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The Bank of Japan's Exchange Traded Funds purchase and its effects on Nikkei 225 stocks

Crawford School of Public Policy

Event details

Public Seminar

Date & time

Wednesday 09 May 2018
11.00am–12.00pm

Venue

Seminar Room 1, Crawford School of Public Policy, Building 132, Lennox Crossing, ANU

Speaker

Kimie Harada, Visiting Fellow, Crawford School of Public Policy.

Contacts

Thomas Home

After extensive experience in Japanese government committees and research into financial systems and services, Kimie Harada will present her findings on the impacts of the Exchange Traded Funds (ETFs) purchasing program.

ETFs is an initiative of the Bank of Japan (BOJ) since December 2010. The BOJ’s ETFs purchasing program was favouring stocks on the price-weighted Nikkei 225 over the TOPIX under the previous program. Total net asset value of the ETFs market was 32.5 trillion yen as of the end of March 2018. Since maturity or redemption does not come to ETFs, credit risks and price fluctuation risks are relatively high. As a consequence, the BOJ faces more risks by holding ETFs. The bank is apt to place a purchasing order in the afternoon when the market is likely to be in a downturn. The influence on underlying stocks is assessed by comparing performance of stocks between those included in the Nikkei 225 and others based on Difference-in-Difference analysis with separating morning and afternoon returns.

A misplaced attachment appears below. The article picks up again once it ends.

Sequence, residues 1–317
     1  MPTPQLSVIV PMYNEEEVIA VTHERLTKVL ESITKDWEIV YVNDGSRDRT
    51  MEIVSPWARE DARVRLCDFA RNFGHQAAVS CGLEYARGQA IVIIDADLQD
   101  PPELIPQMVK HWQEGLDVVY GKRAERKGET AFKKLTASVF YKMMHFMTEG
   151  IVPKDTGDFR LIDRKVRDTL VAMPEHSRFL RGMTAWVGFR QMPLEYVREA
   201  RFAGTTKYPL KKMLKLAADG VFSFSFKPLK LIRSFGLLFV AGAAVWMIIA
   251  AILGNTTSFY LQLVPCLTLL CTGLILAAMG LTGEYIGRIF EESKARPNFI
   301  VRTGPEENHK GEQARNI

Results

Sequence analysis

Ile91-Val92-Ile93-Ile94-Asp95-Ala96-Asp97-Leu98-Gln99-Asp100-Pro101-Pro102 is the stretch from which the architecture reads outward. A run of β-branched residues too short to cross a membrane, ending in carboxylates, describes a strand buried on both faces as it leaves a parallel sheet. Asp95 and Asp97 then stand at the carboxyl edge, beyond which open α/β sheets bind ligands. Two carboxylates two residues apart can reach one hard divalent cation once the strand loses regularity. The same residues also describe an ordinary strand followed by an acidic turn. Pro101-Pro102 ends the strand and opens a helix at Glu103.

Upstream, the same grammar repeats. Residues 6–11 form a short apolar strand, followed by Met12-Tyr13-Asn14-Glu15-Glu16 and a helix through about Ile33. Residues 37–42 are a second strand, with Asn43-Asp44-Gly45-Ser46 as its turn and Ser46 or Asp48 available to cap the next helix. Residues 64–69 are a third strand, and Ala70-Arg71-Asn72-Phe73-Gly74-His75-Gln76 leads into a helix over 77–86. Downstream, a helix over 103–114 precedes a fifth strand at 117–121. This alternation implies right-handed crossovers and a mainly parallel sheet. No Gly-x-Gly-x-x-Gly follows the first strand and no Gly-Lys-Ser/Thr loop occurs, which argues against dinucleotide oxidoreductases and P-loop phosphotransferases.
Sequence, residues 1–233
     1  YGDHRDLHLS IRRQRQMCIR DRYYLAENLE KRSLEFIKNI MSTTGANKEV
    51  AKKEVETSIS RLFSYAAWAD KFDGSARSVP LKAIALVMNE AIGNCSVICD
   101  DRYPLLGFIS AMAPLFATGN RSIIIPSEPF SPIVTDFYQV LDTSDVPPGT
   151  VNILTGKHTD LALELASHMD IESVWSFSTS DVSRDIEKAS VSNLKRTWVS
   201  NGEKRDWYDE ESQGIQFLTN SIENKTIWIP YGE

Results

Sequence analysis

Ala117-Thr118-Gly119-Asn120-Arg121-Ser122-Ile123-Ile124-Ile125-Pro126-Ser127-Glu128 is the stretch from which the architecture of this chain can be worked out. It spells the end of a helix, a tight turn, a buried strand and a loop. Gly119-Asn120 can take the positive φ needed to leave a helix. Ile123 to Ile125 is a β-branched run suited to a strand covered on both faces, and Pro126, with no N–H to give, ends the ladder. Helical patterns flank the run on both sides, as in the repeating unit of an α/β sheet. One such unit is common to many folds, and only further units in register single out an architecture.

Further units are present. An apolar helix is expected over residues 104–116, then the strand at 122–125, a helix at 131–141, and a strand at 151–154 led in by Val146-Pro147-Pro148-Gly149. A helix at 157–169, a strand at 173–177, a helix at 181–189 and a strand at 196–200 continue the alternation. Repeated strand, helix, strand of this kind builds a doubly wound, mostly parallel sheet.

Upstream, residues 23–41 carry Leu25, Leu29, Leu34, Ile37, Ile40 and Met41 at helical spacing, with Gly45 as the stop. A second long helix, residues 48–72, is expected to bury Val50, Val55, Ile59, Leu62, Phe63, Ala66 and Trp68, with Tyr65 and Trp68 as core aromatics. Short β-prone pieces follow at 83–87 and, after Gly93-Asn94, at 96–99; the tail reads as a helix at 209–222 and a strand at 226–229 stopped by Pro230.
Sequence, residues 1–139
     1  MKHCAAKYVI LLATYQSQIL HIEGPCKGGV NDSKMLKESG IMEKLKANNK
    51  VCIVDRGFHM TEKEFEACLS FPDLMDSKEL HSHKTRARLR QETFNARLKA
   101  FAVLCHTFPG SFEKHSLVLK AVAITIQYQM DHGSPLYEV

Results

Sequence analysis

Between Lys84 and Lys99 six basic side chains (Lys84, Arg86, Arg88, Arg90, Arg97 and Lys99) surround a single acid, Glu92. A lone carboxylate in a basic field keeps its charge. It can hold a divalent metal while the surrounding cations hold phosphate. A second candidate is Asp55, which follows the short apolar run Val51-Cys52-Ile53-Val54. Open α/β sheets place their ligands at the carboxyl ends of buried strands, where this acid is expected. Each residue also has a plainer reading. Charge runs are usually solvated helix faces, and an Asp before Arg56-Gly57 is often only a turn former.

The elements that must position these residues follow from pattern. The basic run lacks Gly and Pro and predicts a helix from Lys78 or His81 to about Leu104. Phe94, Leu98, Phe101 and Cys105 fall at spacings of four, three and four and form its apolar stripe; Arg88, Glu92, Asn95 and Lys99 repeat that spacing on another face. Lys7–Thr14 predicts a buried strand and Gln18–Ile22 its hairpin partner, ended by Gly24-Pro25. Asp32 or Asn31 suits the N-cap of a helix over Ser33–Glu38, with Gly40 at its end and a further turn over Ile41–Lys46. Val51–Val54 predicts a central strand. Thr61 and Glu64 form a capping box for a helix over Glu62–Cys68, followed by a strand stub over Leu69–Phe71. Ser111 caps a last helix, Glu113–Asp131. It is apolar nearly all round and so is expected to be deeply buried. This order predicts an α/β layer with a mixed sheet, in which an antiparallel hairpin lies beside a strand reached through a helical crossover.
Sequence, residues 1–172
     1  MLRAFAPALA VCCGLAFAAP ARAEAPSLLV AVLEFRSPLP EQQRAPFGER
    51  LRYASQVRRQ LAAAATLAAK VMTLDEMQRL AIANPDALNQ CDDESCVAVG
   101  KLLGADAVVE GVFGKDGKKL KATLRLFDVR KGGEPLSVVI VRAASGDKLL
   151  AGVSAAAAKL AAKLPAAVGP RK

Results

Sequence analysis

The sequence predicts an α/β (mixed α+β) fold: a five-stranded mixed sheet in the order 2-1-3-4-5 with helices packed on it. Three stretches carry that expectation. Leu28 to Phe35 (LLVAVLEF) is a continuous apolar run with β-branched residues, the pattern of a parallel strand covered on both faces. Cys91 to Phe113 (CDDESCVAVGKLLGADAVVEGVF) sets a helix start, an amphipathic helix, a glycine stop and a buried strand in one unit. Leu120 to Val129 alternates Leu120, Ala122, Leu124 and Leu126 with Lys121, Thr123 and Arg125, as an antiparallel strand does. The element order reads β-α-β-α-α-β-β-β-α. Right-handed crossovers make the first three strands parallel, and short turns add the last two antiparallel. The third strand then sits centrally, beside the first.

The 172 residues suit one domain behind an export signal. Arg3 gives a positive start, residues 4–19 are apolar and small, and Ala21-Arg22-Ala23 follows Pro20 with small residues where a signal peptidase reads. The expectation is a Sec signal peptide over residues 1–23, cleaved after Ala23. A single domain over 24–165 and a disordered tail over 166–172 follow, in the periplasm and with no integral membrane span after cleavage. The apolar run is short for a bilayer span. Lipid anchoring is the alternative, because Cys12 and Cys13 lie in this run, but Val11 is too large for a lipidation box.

Harada finds that the Nikkei 225 stock afternoon returns are significantly higher than those of non-Nikkei 225 stocks when the BOJ purchased ETFs. The results indicate that cumulative average effects on the Nikkei 225 are more than 10 per cent.

Kimie Harada is a Visiting Fellow at Crawford School of Public Policy and a Professor at Chuo University. You can find her full profile here

A light lunch will be provided.

The AJRC Seminar Series is a forum for researchers to engage on issues relevant to Japan. Topics include, but are not limited to, economics, international relations, politics, and national security. Seminars are typically very frank and early stage studies are most welcome.

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